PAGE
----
Data Loading and Writing Utilities#

The database layer of OctaiPipe provides an interface for connecting to databases to load and write data to and from storage. This is beneficial as it enables:

Storing large volumes of data - Databases can store larger volumes of data compared to local systems, so providing an interface for retrieving and writing data is crucial for to-scale solutions.

Sharing data - In order to share data and results, a shared file system that can be reached by multiple users is needed. Being able to connect to a shared database enables this.

Interaction with the database#

Currently, OctaiPipe has support for InfluxDB and Azure SQL. For each database type, there is a client, source (data loader), and a sink (data writer) class. A diagram showing how the client, source, and sink for InfluxDB interact with the database is shown below. The diagram shows how the InfluxDataLoader and InfluxDataWriter inherit from the base Source and Sink classes. They both also inherit from the InfluxClient, which connects to InfluxDB. It is worth noting here that the Source and Sink do not use the same InfluxClient, but set up individual connections.

Diagram of class structure InfluxDB.

The client is set up to connect to the database and is unique for each database type. For example, the InfluxClient class sets up a connection to InfluxDB using connection credentials provided in configs or from environment variables.

The source class is used to load data from the database, and each specific source (e.g. InfluxDataLoader) inherits from the Source base class. The source base class has the abstract methods load and _compose_query, which need to be implemented by each child class and are unique for each database type. Apart from this, the load_from_query and load_from_config methods allow users to load data directly using a query or from a template populated by a config file. A typical template and config for InfluxDB and SQL are shown below:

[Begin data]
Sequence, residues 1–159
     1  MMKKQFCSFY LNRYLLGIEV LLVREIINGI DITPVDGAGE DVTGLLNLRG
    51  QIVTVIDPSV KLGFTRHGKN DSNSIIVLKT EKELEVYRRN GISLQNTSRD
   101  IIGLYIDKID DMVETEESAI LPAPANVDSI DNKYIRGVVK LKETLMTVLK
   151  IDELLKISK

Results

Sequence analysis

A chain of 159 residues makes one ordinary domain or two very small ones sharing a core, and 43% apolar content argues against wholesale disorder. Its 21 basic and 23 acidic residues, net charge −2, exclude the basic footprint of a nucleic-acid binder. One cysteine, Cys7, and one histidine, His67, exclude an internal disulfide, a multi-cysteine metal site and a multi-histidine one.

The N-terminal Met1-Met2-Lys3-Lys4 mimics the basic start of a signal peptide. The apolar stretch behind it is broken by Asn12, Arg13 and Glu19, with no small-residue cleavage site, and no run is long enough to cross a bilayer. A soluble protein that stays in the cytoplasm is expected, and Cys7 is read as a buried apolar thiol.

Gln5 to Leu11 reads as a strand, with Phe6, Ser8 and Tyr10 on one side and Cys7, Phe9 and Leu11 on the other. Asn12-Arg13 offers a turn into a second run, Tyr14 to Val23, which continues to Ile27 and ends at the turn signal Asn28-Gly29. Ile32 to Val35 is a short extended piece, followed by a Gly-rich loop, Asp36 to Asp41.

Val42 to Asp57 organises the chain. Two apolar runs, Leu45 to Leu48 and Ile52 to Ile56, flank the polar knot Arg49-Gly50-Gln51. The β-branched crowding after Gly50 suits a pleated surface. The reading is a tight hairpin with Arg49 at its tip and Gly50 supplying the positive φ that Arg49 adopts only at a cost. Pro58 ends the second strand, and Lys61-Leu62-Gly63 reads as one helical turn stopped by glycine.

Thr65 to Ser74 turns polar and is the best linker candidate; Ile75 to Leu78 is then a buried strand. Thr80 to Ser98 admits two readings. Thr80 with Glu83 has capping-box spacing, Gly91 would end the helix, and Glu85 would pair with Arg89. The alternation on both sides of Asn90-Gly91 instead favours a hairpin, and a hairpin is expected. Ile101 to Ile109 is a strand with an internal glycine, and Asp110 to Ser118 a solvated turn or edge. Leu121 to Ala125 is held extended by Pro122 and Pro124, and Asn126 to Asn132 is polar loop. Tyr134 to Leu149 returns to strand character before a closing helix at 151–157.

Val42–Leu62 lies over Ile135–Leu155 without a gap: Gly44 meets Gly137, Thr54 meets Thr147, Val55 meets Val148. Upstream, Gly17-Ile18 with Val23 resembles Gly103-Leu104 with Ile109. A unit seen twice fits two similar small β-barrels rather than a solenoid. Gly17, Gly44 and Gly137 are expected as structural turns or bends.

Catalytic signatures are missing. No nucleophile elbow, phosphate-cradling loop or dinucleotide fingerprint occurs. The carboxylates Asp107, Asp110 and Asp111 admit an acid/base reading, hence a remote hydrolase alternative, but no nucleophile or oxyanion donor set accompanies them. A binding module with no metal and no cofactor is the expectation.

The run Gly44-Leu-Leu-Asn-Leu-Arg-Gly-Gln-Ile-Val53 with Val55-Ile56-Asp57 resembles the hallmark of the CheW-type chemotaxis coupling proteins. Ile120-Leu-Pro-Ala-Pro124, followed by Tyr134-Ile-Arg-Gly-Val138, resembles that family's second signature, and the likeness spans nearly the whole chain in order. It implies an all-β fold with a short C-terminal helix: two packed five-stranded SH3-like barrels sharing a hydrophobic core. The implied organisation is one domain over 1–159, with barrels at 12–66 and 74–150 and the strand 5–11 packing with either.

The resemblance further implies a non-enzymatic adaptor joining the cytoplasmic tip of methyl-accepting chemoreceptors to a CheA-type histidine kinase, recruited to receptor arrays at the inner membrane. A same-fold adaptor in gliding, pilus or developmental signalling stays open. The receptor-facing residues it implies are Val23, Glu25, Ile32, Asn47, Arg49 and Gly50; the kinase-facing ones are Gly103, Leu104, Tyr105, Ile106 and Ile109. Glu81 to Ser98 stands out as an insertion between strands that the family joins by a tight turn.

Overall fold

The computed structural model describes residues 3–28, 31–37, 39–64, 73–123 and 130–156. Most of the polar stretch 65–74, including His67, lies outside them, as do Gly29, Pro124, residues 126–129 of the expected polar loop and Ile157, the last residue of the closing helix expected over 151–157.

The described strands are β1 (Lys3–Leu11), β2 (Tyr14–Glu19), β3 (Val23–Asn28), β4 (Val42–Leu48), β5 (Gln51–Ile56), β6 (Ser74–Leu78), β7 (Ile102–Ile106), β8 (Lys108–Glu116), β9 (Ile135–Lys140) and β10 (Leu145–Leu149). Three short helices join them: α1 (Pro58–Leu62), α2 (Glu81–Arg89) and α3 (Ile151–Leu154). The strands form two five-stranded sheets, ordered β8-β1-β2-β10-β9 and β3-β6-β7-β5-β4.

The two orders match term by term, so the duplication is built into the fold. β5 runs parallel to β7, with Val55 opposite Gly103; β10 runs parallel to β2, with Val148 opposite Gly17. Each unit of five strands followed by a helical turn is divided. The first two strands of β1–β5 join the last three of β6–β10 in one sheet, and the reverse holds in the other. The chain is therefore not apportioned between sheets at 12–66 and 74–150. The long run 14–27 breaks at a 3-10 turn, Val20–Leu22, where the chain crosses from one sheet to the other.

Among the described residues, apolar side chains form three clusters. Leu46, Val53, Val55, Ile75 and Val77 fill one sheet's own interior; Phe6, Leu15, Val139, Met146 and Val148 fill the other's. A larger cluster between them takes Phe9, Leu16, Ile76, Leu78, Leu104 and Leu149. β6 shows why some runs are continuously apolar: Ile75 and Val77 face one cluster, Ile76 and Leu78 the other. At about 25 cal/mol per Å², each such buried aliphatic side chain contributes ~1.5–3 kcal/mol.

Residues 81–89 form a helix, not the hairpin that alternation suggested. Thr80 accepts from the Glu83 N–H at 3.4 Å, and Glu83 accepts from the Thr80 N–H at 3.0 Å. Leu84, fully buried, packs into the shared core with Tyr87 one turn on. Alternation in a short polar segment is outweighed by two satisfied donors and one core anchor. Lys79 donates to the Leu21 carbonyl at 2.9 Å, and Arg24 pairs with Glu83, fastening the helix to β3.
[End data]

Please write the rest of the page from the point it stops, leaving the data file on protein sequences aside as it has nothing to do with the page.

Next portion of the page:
InfluxDB Configuration#

1# Influx template
3|> range(start: [start], stop: [stop])
4|> filter(fn:(r) => r._measurement == [measurement])
5|> filter(fn: (r) => r["TAG1"] == [TAG1])
6|> filter(fn:(r) => [fields])
7|> drop(columns: ["_start", "_stop", "_batch",
8                  "table", "result", "_measurement",
9                  "table", "result"])
 1# Influx load config
 3  datastore_type: influxdb
 4  query_template_path: ./configs/data/influx_query.txt
 5  query_type: dataframe
 6  query_values:
 7    start: "2022-01-01T00:00:00.000Z"
 8    stop: "2022-01-02T00:00:00.000Z"
 9    bucket: bucket_1
10    measurement: metric_1
11    tags:
12      TAG1: some_tag
13  data_converter: {}
1# Influx write config
3  - datastore_type: influxdb
4    settings:
5      bucket: test-bucket
6      measurement: live-model-predictions

SQL Configuration#

1% SQL template